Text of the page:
How to Disable IPv6 on Ubuntu

This tutorial is going to show you how to disable IPv6 on Ubuntu. Why do you want to disable IPv6? Although IPv6 is the future, but right now many systems and applications still rely on IPv4 and may not work well with IPv6.

For example, if a repository supports IPv6, then APT package manager will connect to that repository via IPv6 regardless of whether or not your ISP supports IPv6, as shown in the screenshot below.

disable ipv6 ubuntu

Disable IPv6 in APT

Sometimes, you need to disable IPv6 in the APT package manage only and other program can continue use IPv6 if needed. To disable IPv6 in APT, run the following command to create a configuration file for APT.

sudo nano /etc/apt/apt.conf.d/99force-ipv4

Copy and paste the following line into the file.

Acquire::ForceIPv4 "true";

Save and close the file. From now on, APT will use IPv4 only.

Disable IPv6 on Ubuntu Altogether

If you want to completely disable IPv6 on your Ubuntu Linux system, then you need to make some changes to Linux kernel parameter.

Edit the 99-sysctl.conf file.

sudo nano /etc/sysctl.d/99-sysctl.conf

Copy and paste the following 3 lines at the bottom of the file.

net.ipv6.conf.all.disable_ipv6 = 1
net.ipv6.conf.default.disable_ipv6 = 1
net.ipv6.conf.lo.disable_ipv6 = 1

Save and close the file. Then execute the following command to load the above changes.

sudo sysctl -p

Now run the following command. You should see 1, which means IPv6 has been successfully disabled.

cat /proc/sys/net/ipv6/conf/all/disable_ipv6

disable ipv6 on ubuntu 16.04

Parameters defined in 99-sysctl.conf file is preserved across reboot, so IPv6 won’t be enabled next time you boot up Ubuntu unless you manually re-enable it.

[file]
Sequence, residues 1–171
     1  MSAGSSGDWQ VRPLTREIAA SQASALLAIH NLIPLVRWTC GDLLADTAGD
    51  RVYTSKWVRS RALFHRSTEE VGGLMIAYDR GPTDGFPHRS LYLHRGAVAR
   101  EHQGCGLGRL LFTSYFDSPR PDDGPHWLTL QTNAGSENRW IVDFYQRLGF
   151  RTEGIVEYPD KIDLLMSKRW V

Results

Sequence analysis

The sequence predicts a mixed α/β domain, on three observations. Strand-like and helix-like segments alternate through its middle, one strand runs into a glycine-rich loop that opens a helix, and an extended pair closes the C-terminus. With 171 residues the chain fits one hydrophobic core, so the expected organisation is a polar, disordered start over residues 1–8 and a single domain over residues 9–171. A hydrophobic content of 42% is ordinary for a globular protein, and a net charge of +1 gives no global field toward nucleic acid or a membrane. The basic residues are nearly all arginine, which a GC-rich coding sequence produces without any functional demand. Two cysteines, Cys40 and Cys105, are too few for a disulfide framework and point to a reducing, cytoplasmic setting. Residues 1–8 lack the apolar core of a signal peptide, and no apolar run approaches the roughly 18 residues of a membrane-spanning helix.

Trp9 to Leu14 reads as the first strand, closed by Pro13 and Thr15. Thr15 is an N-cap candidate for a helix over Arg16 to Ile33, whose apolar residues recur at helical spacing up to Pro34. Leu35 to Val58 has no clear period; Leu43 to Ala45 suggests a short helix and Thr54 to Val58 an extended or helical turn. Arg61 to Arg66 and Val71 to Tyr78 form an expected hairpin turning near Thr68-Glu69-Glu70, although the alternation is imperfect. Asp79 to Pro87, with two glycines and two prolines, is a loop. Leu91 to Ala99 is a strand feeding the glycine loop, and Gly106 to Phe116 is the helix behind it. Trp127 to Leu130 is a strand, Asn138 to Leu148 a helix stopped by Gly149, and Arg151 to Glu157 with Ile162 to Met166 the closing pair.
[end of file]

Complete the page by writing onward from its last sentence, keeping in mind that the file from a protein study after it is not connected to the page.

To re-enable IPv6 on Ubuntu, simply remove those 3 lines in 99-sysctl.conf file and run sudo sysctl -p command to load the changes.

That’s it! I hope this tutorial helped you disable IPv6 on Ubuntu desktop and server.

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11 Responses to “How to Disable IPv6 on Ubuntu

  • Psalm56Eleven
    3 years ago

    Thank you!

  • StygianAgenda
    3 years ago

    Many thanks!

    I’d just recently setup ‘Graylog’ as sort of a light SIEM solution for my lab network, and wanted to eliminate all internal IPv6 chatter. This cleared it right up.

    Also, it worked across Ubuntu 14.04 and Debian 8 (Jessie) and Debian 9 (stretch), aside from Ubuntu 16.04.3.

  • Roman Yarovoy
    3 years ago

    That’s working well, thanks!

    3 years ago

    Thanks !

  • seweryn adam
    3 years ago

    For those who didn’t work suggest use also those command modyfiyng it, according to your interface name, repleace enp0s25 with your interface name:
    # sudo ip addr flush enp0s25
    # sudo systemctl restart networking.service

  • Anders J
    3 years ago

    No real need to disable IPv6, really.
    If you don’t have a IPv6 router in the LAN, your computer will not use IPv6.
    If you do have a IPv6 router in the LAN, and it doesn’t work, then fix the problem, not the symptom. Fix the router. And by the way, IPv6 are faster then IPv4.

    • “Fix the router” assumes that you have control over the router, of course, and even if you can, it only fixes the problem for *one* network. It’s much better to fix the problem once and for all by definitely turning off IPv6. Then you know you are protected no matter which network you are connecting to.

  • There is a better way. The method described above seems to not work in 18.04 any more, and even when it does work, it leaves some traces of IPv6 support that can cause problems. The better way is to modify the kernel boot command line.

    Open /etc/default/grub and edit the line that starts with GRUB_CMDLINE_LINUX_DEFAULT. Add the entry “ipv6.disable=1” to the arguments that are already there. Then run sudo update-grub, and reboot.

    Presto – no more worrying that connecting to a sketchy airport WiFi might expose you with a public IP address.

  • Test guy
    2 years ago

    Works for me in 19.04.

  • Thanks for the tut, works fine just outofthebox 🙂

  • Yohans Bastian
    7 months ago

    Thanks for the guide. All worked except on my Ubuntu 18.04 LTS the command “sudo sysctl -p” didn’t reload the variables. Instead I used the following command to update the IPV6 related variables:
    service procps reload

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